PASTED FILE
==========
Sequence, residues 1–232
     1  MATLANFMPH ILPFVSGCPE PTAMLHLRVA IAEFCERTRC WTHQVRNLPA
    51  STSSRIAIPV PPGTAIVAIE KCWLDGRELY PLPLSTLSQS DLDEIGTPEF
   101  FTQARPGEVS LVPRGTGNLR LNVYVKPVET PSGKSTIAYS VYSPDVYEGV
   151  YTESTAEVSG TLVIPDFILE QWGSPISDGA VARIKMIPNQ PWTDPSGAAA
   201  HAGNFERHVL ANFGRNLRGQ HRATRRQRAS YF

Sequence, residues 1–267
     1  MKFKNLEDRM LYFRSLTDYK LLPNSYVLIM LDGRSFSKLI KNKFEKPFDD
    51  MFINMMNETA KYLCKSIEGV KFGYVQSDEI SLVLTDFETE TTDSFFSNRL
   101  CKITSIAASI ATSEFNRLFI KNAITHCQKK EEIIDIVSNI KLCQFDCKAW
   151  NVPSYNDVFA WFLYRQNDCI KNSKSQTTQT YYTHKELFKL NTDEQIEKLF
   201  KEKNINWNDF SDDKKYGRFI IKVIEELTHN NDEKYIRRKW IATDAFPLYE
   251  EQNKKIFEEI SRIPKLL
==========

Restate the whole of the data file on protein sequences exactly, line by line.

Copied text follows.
Sequence, residues 1–232
     1  MATLANFMPH ILPFVSGCPE PTAMLHLRVA IAEFCERTRC WTHQVRNLPA
    51  STSSRIAIPV PPGTAIVAIE KCWLDGRELY PLPLSTLSQS DLDEIGTPEF
   101  FTQARPGEVS LVPRGTGNLR LNVYVKPVET PSGKSTIAYS VYSPDVYEGV
   151  YTESTAEVSG TLVIPDFILE QWGSPISDGA VARIKMIPNQ PWTDPSGAAA
   201  HAGNFERHVL ANFGRNLRGQ HRATRRQRAS YF

Sequence, residues 1–267
     1  MKFKNLEDRM LYFRSLTDYK LLPNSYVLIM LDGRSFSKLI KNKFEKPFDD
    51  MFINMMNETA KYLCKSIEGV KFGYVQSDEI SLVLTDFETE TTDSFFSNRL
   101  CKITSIAASI ATSEFNRLFI KNAITHCQKK EEIIDIVSNI KLCQFDCKAW
   151  NVPSYNDVFA WFLYRQNDCI KNSKSQTTQT YYTHKELFKL NTDEQIEKLF
   201  KEKNINWNDF SDDKKYGRFI IKVIEELTHN NDEKYIRRKW IATDAFPLYE
   251  EQNKKIFEEI SRIPKLL